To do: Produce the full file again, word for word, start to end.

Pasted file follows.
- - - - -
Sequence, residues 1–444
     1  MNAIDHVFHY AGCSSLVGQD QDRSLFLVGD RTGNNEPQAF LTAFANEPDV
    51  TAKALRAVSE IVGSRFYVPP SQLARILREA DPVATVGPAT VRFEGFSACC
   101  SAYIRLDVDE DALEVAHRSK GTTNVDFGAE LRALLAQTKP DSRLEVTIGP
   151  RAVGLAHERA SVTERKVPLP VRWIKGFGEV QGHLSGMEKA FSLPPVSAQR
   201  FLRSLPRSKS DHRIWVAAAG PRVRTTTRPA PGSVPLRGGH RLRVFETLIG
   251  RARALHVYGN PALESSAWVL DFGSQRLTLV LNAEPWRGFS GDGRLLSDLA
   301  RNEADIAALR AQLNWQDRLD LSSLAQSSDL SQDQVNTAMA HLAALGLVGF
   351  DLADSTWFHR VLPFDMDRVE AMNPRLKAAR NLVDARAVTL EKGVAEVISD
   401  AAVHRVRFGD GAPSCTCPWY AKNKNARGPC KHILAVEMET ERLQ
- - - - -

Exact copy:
Sequence, residues 1–444
     1  MNAIDHVFHY AGCSSLVGQD QDRSLFLVGD RTGNNEPQAF LTAFANEPDV
    51  TAKALRAVSE IVGSRFYVPP SQLARILREA DPVATVGPAT VRFEGFSACC
   101  SAYIRLDVDE DALEVAHRSK GTTNVDFGAE LRALLAQTKP DSRLEVTIGP
   151  RAVGLAHERA SVTERKVPLP VRWIKGFGEV QGHLSGMEKA FSLPPVSAQR
   201  FLRSLPRSKS DHRIWVAAAG PRVRTTTRPA PGSVPLRGGH RLRVFETLIG
   251  RARALHVYGN PALESSAWVL DFGSQRLTLV LNAEPWRGFS GDGRLLSDLA
   301  RNEADIAALR AQLNWQDRLD LSSLAQSSDL SQDQVNTAMA HLAALGLVGF
   351  DLADSTWFHR VLPFDMDRVE AMNPRLKAAR NLVDARAVTL EKGVAEVISD
   401  AAVHRVRFGD GAPSCTCPWY AKNKNARGPC KHILAVEMET ERLQ